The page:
There were two more crucial observations that came out of my reading of Goodbye, Columbus on the heels of The Great Gatsby. One was that Roth’s book was a hell of a lot funnier than Fitzgerald’s, which almost isn’t funny at all, especially when, as in the famous Party-Guest Catalog, it tries its hardest to amuse. The second observation, of the most striking parallel between the two books, got me so excited, once I noticed it, that I rushed through the whole Mrs.-Patimkin-finds-the-diaphragm sequence, so that I could get up again and resume my caged-bear perambulations: both books, I noticed, coincided precisely with a summer.
This was a parallel both deeply resonant and lastingly useful. I had just been through, in the years preceding my decampment for the West, a pair of summers that had rattled my nerves and rocked my soul and shook my sense of self—but in a good way. I had drunk a lot, and smoked a lot, and listened to a ton of great music, and talked way too much about all of those activities, and about talking about those activities. I had slept with one man whom I loved, and learned to love another man so much that it would never have occurred to me to want to sleep with him. I had seen things and gone places in and around Pittsburgh, during those summers, that had shocked the innocent, pale, freckled Fitzgerald who lived in the great blank Minnesota of my heart.
So there was that. At the same time, the act of shaping a novel, as Fitzgerald and Roth had done, around a summer, provided an inherent dramatic structure in three acts:
Each of those months had a different purpose and a distinctive nature in my mind, and in their irrevocable order they enacted a story that always began with a comedy of expectation and ended with tragedy of remorse. All I would need to do was start at the beginning of June with high hopes and high-flying diction, and then work my way through the sex, drugs, and rock and roll to get to the oboes and bassoons of Labor Day weekend. And then maybe I would find some way, magically, really to say something about summer, about the idea of summer in America, something that great American poets of summertime like Ray Bradbury and Bruce Springsteen would have understood. Maybe, or maybe not. But at least I would be practicing the cardinal virtue that my teachers had so assiduously instilled: I would be writing about what I knew. No—I would be doing something finer than that. I would be writing about what I had known once, but had since, in my sad and delectable state of fallenness, come to view as illusory.
I put Roth’s book back on the shelf and went into Ralph’s room and shut the door. I switched on the computer with its crackling little 4 MHz Zilog Z80A processor. I was cranked on summertime and the memory of summertime, on the friends who had worked so hard to become legends, on the records we listened to and the mistakes we made and the kind and mean things we did to one another. I slid a floppy disk into the B: drive. I paused. Was this really the kind of writer I was going to become? A writer under the influence of Fitzgerald and Roth, of books that took place in cities like Pittsburgh where people took moral instruction from the songs of Adam and the Ants? What about that sequence of stories I’d been planning about the astronomer Percival Lowell exploring the canals of Mars? What about the plan to do for romantic relationships what Calvino had done for the urbis in Invisible Cities? What about that famous sense of wonder, my animating principle, my motto and manual and standard m.o.? Was there room for that, the chance of that, along the banks of the Monongahela River? I took a deep breath, saw that I was properly balanced on my perch, and started to write—on a screen so small that you had to toggle two keys to see the end of every line—the passage that after a certain amount of wrestling became this:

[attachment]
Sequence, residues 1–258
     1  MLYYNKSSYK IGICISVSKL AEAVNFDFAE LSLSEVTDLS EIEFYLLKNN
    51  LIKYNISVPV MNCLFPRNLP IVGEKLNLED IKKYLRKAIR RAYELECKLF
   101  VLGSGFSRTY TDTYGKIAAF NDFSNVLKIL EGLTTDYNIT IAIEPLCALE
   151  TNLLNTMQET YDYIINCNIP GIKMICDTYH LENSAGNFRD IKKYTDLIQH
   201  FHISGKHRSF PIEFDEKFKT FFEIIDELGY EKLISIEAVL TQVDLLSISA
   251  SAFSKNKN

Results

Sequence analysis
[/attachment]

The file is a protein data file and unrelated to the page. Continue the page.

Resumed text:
It’s the beginning of the summer and I’m standing in the lobby of a thousand-story grand hotel, where a bank of elevators a mile long and an endless red row of monkey attendants in gold braid wait to carry me up, up, up, through the suites of moguls, of spies, and of starlets; to rush me straight to the zeppelin mooring at the art-Deco summit where they keep the huge dirigible of August tied up and bobbing in the high winds. On the way to the shining needle at the top I will wear a lot of neckties, I will buy five or six works of genius on 45 rpm, and perhaps too many times I will find myself looking at the snapped spine of a lemon wedge at the bottom of a drink.
I went on in that vein for several paragraphs, and some of what I wrote that first session ended up, after much revision, at the end of the novel, which I reached in the mid-winter of 1987, in the back bedroom of a little house on Anade Avenue, on the Balboa Peninsula, shortly before my twenty-fourth birthday. At some point that first evening, as with the help of Ralph’s ghost, or of the muse who first made her presence known to me, there, in that room under the ground, with its smell of earth and old valises, I invoked the spirit and the feel and the groove of summers past, I did something foolish: I started rocking in my chair. Just a little bit, but it was too much. I rocked backward, and fell off the trunk, and hit my head on a steel shelf, and made a lot of noise. There was so much racket that my mother came to the top of the stairs and called out to ask if I was all right, and anyway, what was I doing down there?
I clambered back up from the floor, palpating the tender knot on my skull where the angel of writers, by way of warning, welcome, or harsh blessing, had just given me a mighty zetz. I hit the combination of keys that meant Save.
“I’m writing a novel,” I told her.